For Aris Melissaratos ’66, experience as a Westinghouse executive, an entrepreneur, and a community advocate have all helped prepare him for his latest role: leading the state’s economic development.
“We are continually enhancing our image as a research state, a knowledge economy. And Johns Hopkins plays a significant role in that picture.” –Aris Melissaratos ’66
“It’s the perfect job to cap my career,” said Aris Melissaratos ’66, who since January 2003 has taken charge as secretary of Maryland’s Department of Business and Economic Development. He heads an impressive array of aggressive initiatives to strengthen the state’s economy and its attractiveness to all sectors, especially business, industry, research, technology, trade, film, the arts, and tourism.
“Maryland has everything!” Melissaratos says with a certain degree of pride. “We have the infrastructure, the skilled workforce, the research and educational institutions, and the entrepreneurial drive to complete in today’s global marketplace. Our strategy for a successful Maryland economy has focused on the transformation from the old manufacturing economy to the knowledge-based economy.”
This successful strategy is reflected in the economic growth and stability that Maryland has experienced over the last few years. During his tenure as secretary of Business Development, Maryland has added 50,000 jobs a year, and stands to add more than 10,000 new jobs through the recently announced national consolidation of military facilities.
One of Maryland’s greatest strengths, Melissaratos points out, is the state’s intellectual resources, among them more than 50 major federal research labs and an additional 150 research centers. “Maryland has so much intellectual brainpower!,” he says. “We are continually enhancing our image as a research state, a knowledge economy. And Johns Hopkins plays a significant role in that picture.”
A review of his career suggests that Melissaratos might have been preparing for this position all his life.
At Johns Hopkins, he earned his bachelor’s degree in Electrical Engineering in 1966. “Hopkins gave me a good, sound, fundamental education, strengthening my thought processes,” he relates. “It gave me the ability to make right assumptions and calculations so important in decision-making. This training was invaluable.”
He earned a master’s degree in engineering management from George Washington University, and later completed Harvard University’s Program for Management Development. He also has finished coursework toward a doctorate in international politics at the Catholic University of America.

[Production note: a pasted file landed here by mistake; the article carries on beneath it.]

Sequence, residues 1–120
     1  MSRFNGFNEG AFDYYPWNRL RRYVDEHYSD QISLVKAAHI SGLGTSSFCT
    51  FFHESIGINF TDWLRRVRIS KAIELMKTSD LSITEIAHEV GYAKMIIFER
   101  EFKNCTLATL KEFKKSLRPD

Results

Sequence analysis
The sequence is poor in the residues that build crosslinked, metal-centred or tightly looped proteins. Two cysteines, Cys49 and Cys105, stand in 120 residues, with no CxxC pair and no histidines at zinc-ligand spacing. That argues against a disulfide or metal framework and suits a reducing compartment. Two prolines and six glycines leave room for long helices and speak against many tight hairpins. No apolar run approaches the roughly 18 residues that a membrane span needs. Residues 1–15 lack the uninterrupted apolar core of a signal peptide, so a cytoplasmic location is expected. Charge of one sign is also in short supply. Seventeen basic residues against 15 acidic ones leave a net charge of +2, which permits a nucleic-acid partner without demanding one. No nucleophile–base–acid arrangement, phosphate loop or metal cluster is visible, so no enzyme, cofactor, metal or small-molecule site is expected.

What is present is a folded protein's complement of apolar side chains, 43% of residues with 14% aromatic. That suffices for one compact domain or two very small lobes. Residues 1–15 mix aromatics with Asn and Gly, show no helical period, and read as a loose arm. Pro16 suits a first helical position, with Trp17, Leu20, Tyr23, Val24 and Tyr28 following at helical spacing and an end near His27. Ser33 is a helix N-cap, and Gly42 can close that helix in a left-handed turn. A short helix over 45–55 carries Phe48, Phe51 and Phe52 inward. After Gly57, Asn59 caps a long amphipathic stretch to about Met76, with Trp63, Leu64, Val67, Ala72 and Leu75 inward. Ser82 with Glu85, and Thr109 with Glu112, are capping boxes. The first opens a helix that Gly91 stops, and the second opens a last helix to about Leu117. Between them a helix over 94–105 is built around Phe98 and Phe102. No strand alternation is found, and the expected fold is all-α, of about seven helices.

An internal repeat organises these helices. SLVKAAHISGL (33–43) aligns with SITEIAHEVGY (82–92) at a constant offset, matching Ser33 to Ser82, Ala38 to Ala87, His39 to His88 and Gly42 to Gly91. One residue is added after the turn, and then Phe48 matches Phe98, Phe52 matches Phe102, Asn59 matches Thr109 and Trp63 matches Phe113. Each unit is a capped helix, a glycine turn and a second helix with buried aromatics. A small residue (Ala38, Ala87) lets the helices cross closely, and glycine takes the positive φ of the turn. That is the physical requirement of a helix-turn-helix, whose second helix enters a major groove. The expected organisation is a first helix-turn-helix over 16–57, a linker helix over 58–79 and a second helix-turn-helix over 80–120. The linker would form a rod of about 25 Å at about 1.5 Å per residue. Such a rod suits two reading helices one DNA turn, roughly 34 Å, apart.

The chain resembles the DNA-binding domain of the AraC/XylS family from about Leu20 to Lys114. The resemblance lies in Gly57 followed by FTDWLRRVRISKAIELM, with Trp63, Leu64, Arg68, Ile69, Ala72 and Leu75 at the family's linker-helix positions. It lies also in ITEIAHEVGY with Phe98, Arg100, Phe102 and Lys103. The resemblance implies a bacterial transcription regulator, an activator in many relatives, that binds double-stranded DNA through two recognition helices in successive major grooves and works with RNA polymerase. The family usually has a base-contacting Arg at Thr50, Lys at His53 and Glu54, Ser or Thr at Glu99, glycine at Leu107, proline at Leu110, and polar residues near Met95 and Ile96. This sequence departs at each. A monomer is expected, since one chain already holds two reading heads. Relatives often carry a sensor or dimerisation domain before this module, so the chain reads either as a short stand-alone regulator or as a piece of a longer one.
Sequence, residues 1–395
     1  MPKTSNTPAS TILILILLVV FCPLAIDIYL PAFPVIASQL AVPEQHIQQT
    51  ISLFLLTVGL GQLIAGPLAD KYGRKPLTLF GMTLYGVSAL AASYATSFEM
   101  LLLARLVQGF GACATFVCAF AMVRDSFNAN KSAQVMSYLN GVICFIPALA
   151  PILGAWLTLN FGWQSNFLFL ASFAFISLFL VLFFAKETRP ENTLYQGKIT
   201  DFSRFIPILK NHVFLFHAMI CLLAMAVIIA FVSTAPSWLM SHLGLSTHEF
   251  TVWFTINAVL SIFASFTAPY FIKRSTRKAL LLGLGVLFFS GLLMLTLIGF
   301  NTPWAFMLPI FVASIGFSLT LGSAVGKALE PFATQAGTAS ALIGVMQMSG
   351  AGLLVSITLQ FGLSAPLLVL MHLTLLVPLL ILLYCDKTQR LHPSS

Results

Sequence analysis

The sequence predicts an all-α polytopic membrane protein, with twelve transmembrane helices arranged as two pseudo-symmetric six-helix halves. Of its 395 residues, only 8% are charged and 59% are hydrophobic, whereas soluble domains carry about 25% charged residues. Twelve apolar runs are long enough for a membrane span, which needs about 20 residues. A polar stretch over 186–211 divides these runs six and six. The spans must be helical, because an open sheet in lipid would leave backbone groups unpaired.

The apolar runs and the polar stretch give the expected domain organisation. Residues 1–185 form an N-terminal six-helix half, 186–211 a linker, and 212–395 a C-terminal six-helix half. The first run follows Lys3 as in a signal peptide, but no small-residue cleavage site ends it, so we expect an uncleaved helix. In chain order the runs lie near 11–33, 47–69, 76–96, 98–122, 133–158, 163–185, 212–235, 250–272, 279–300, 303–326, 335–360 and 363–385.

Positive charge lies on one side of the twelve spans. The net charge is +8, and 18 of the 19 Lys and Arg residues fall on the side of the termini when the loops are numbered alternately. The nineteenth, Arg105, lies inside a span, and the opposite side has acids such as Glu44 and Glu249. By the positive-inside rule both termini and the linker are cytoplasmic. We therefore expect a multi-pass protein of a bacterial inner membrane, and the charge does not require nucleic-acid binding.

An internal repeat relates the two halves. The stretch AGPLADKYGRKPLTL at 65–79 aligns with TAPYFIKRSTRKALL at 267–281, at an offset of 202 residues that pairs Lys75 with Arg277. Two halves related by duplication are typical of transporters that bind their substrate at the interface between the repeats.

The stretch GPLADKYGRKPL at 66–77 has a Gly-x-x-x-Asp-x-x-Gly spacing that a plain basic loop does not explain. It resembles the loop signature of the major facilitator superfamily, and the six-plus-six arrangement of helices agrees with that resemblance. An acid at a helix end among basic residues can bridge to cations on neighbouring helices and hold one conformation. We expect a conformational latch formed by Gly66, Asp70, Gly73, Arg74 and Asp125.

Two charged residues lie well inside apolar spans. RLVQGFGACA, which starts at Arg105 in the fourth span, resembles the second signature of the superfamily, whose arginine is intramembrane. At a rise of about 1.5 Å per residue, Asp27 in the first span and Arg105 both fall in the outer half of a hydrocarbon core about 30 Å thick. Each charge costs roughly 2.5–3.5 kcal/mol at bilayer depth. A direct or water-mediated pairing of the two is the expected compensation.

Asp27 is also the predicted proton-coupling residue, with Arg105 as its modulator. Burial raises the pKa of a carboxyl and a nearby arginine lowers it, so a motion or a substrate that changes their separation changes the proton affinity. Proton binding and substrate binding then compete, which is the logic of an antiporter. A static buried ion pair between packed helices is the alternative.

In 1997, Melissaratos retired from Westinghouse, where in his 32 years he was instrumental in shaping its national leadership in defense electronics. While in Baltimore, he was vice president and general manager of the Design Engineering and Manufacturing Operations Divisions of the Baltimore Electronics Systems Group (now Northrop Grumman Electronic Systems). At corporate headquarters in Pittsburgh, he retired as vice president of science and technology and chief technology officer.
Post-retirement, he’s been equally energetic, beginning as corporate vice president for Thermo Electron Corporation in Waltham, Massachusetts, and president and CEO of Coleman Research Corporation and Thermo Coleman Corporation. To boost funding and strategic direction for high-tech start-ups, he founded Armel Private Equity Investments.
Throughout his corporate career, Melissaratos has been exceptionally active as a community advocate, which he says also prepared him well for his current role.
In Maryland, his service includes being a board member of the Greater Baltimore Alliance, the Technology Council of Maryland, and Emerging Technology Centers. He is founding co-chair of the Greater Baltimore Technology Council, past vice president of the Maryland Chamber of Commerce, past chair of the Maryland Manufacturing Association, and past member of the Board of Visitors of the University of Maryland.
Melissaratos, who has been on the Whiting School’s National Advisory Council since 1996, is pleased with the direction the School has been taking. “Each dean has moved the School a step forward,” he notes. He especially applauds Engineering’s interdisciplinary initiatives, among them the Institute for NanoBioTechnology.
Biotechnology is a far cry from the blue-collar Baltimore where Melissaratos had worked in his father’s bakery while studying at Hopkins (the family emigrated from Romania and Greece when he was 13). To help make it possible for today’s Baltimore students to study engineering, in 1999 he established the Melissaratos Family Scholarship Fund, honoring his parents. Helping students is one more way he strives to assure that Maryland’s future is a high-tech, global one.
Visit the state’s Department of Business and Economic Development at www.choosemaryland.org.